Iveco Eurocargo Euro-6

The first Euro-6 Iveco Eurocargo middleweight trucks will appear on UK roads in the next month or so. No matter what their load, they will also be carrying a good deal of responsibility for Iveco’s fortunes. Eurocargo accounts for over half of all the trucks (6-tonne GVW or more) Iveco sells in the UK, so the model is central to the brand’s

success here.

At November’s launch of the Euro-6 model in London, Iveco UK and Ireland MD Claudio Zanframundo said that in the UK, Eurocargo “continues to be acknowledged as the benchmark in medium trucks”. In 2002, Eurocargo certainly was a real force to be reckoned with, accounting for almost one in four of new trucks from 7.5-tonne to 18-tonne GVW registered in the UK that year. By 2012, Eurocargo’s share had fallen to 10.9%, although it picked up to 12.7% in 2013.

This decline in Eurocargo’s market share coincides with the rise of the Japanese challenge at 7.5-tonne GVW. In 2002, Eurocargo held an impressive 32% of the UK’s 7.5-tonne GVW market, while Japanese marques had just 6%. By 2013, the Japanese share – Isuzu, Fuso and Hino – had quadrupled to 22% while Eurocargo’s had dropped  to 17%. But such a sharp decline was not necessarily inevitable. Daf’s share of this sector rose from 27% to a dominant 39% during this time.

Aside from market share, Eurocargo has had to contend with the fact that the 7.5-tonne market has shrunk radically since 2002. Compounding these two trends meant that the number of new 7.5-tonne Eurocargos entering service fell from 4,000 in 2002 to just 1,300 in 2013.

The second most important weight sector in the UK middleweight truck market is from 15-tonne to 18-tonne GVW. This is traditionally one of the most stable of all sectors, but Iveco’s share has halved, from 12.7% in 2002 to 6.1% in 2013.


Is the Euro-6 version capable of reversing that trend? On the upside, Iveco has at last chosen to increase the swept volume of its Tector engines. At 3.9 litres for the 4-cylinder and 5.9 litres for the 6-cylinder, these were below the average for the 7.5-tonne and 18-tonne sectors respectively, so the increase to 4.5 litres and 6.7 litres brings them more into line with the market. This gives a welcome boost in torque to the crucial 160hp rating of the 4-cylinder engine, sure to be the most popular in the 7.5-tonne Eurocargo. It can now square up to the 150hp Daf LF45.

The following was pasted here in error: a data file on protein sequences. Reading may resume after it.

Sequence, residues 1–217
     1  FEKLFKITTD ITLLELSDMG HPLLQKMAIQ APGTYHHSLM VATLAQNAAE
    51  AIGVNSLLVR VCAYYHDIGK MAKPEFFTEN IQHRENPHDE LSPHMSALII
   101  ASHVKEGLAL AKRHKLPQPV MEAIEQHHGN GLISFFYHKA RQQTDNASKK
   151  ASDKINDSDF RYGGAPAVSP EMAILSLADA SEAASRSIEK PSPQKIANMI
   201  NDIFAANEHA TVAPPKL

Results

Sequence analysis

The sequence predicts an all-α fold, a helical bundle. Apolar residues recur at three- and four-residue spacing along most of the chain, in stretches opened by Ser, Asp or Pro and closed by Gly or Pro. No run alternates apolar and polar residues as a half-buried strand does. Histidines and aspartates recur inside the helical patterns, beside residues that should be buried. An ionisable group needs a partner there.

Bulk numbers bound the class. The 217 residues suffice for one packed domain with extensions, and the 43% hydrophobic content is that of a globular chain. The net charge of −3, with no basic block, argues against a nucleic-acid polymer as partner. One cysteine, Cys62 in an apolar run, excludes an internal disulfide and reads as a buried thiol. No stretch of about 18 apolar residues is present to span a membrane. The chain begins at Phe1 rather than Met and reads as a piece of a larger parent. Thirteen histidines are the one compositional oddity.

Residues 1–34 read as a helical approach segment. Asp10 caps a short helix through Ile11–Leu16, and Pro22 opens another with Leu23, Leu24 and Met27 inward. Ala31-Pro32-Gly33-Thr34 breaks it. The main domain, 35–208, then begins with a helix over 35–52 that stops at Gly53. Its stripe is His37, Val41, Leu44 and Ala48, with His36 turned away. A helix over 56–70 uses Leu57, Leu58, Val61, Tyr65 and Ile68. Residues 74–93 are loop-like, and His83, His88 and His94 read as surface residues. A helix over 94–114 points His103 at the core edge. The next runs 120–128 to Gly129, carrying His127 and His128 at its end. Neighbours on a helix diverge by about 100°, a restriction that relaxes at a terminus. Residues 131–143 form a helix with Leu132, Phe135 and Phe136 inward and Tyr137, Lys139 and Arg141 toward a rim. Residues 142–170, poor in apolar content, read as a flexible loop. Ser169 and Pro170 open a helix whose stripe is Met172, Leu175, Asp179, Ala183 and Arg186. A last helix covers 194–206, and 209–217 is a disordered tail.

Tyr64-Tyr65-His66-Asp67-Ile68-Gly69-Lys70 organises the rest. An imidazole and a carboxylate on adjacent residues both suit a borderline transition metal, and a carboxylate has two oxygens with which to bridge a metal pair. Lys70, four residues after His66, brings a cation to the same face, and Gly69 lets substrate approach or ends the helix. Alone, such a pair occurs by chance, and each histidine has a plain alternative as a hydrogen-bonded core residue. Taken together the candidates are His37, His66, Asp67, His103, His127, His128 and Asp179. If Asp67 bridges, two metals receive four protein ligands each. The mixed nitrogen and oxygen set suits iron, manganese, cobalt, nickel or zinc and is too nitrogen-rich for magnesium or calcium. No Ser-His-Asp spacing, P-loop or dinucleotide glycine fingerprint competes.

At the other key weight, 18-tonne GVW, where 250hp has been the core rating for Iveco in the past,

Euro-6’s 250hp six-cylinder Tector is no better than Euro-5’s in terms of torque output, so its

peak torque plateau is 100Nm below that of the 250hp 6-cylinder Cummins/Paccar engine in the market-leading 18-tonne Daf LF. Daf has also given its LF range a minor facelift, whereas it may well be another year or two before Euro-6 Eurocargo gets a Stralis-style make-over.

However, Eurocargo gets a big tick in an important box, namely unladen weight. Iveco’s clever SCR-only Euro-6 NOx reduction strategy is lighter than rivals’ EGR plus SCR approach, so the additional weight on the Eurocargo is only about 70kg according to Iveco, about half of that of most others. Fuel consumption at Euro-6 is claimed to be broadly the same as at Euro-5, although 2% better on the motorway in particular.

Automatic option

Iveco’s decision to offer the option of ZF’s 12-speed AS-Tronic automatic box in Eurocargos from 12-tonne GVW and above with the 6-cylinder Tector is intriguing. Until now, only MAN has paired a 12-speed automated box with trucks this light. For Euro-6 both Volvo and sister company Renault Trucks are also introducing a 12-speed automated box (I-Shift/Optidriver) as an option at 18 tonnes – but no lighter – so it will be interesting to see if multi-speed automated boxes will gain real traction in this sector of the market.

The registration figures show Daf is the real benchmark in the UK middleweight sector these days. Of the other contenders, we single out Mercedes-Benz as the one to watch at Euro-6. It has all-new 4- and 6-cylinder engines, a new cab at 18 tonnes (Antos/Actros) and a reworked cab for Atego at 16 tonnes and below. Both also have the option of the Mercedes 8-speed Powershift automated gearbox. Fuel consumption is believed to be up to 5% better than Euro-5 equivalents, but will Atego be light enough to make a decent fist at 12-tonne GVW and below?

Volvo and Renault also have new, larger 4- and 6-cylinder engines with more torque to re-invigorate their challenge between 12 tonnes and 18 tonnes for Euro-6. And will Japanese manufacturers crank up their market share at 7.5-tonne GVW, with Renault set to join them in 2015 with a lightweight D range model co-developed with Nissan?